Hollywood seeks more taxpayer subsidies

by CalWatchdog Staff | May 23, 2012 7:55 am

May 23, 2012

By Joseph Perkins

The California Film Commission is holding a lottery next week for filmmakers and television producers. The lucky winners will share $100 million worth of taxpayer subsidies.

[1]It’s part of the state’s three-year-old Film and Television Tax Credit Program, the purpose of which is to prevent rival states from luring productions away from Hollywood.

Since the program’s inception, tax credits have gone to some 165 productions, according to Amy Lemisch, the Film Commission’s Executive Director. Those “incentives” have generated nearly $3 billion in spending here in the Golden State, she said, and created nearly 30,000 jobs.

The Film Commission is hopeful that the Legislature will approve a bill[2], introduced by Assemblyman Felipe Fuentes, D-Sylmar, which would extend the tax credit program, scheduled to expire next year, until 2018.

The measure passed the Assembly Revenue and Taxation Committee last week. It remains to be seen if it ultimately finds its way into the state budget the Legislature sends to Gov. Jerry Brown.

Tax Credit Program Does Not Reap Promised Benefits

Lawmakers just might consider the tax credit a luxury the state treasury simply cannot afford, giventhe $16 billion state budget deficit.

And especially considering a recent report[3] by the UCLA Institute for Research on Labor and Employment suggesting that the $100 million-a-year state giveaway does not yield the payoff claimed by Lemisch and other less-than-objective boosters.

The report, authored by Lauren Appelbaum, Chris Tilly, and Juliet Huang, studied the economic and production impact of the state’s film and television tax credit. It concluded that the return on the Hollywood subsidy program is, at best, an economic wash for the state.

According to the report, in order for the state to break even on the tax credit, at least 88 percent of productions applying for but not receiving the credit would have to film outside of California. But of the sample the authors studied, 36 percent of productions passed over for state tax credits nonetheless filmed in California.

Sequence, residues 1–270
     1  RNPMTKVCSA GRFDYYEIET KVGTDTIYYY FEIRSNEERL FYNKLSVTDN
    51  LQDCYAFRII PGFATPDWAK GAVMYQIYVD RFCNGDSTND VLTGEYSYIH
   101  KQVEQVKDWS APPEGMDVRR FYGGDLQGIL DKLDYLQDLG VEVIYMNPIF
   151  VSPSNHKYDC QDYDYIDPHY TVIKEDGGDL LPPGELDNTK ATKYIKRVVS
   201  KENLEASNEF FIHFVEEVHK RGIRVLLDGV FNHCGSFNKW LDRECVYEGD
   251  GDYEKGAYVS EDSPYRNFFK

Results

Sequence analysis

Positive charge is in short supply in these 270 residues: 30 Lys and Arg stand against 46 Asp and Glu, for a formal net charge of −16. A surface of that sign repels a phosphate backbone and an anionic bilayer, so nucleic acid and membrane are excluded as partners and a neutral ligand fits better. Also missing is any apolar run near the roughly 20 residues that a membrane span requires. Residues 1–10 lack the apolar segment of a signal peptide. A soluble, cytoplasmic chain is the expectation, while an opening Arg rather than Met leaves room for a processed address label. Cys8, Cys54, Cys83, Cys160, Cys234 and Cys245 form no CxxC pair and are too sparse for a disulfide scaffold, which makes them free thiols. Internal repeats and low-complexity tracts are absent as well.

That’s because, while film and television producers are only too happy to take state subsidies, the handouts are not the lone determining factor in where motion pictures and TV shows are made.

Other important factors cited by the report include production crew depth and quality, technological expertise and a critical mass of production and postproduction facilities.

That echoes a 2010 report[4] prepared for the Los Angeles Economic Development Corporation by the Kyser Center for Economic Research that listed those factors, as well as California’s unique confluence of well-regarded film schools, entertainment community and film industry suppliers.

All of those factors work in California’s favor, wrote UCLA’s Appelbaum, Tilly and Huang, and tend to keep film and television here in Golden State.

There is one tangible benefit of the film and TV tax credit, at least at the margin: and it helps to offset the high cost of doing business in California, includes state and local taxes, labor costs and regulation.

However, if the cost of doing business in California was average for the 50 states — rather than ranking worst among the states — it would have far more impact than tax credits on the share of films and TV shows produced in California, compared to other states.

  1. [Image]: http://www.calwatchdog.com/2011/06/01/oscar-welfare-bill-passes-assembly/hollywood-sign/
  2. bill: http://asmdc.org/members/a39/news-room/press-releases/item/2919-assemblymember-fuentes-film-industry-coalition-introduce-five-year-extension-of-california-film-and-television-tax-credit-program
  3. report: http://www.irle.ucla.edu/publications/pdf/TaxCreditIndustryReportIRLErev.pdf
  4. report: http://www.laedc.org/reports/Entertainment-2010.pdf

Source URL: https://calwatchdog.com/2012/05/23/hollywood-seeks-more-taxpayer-subsidies/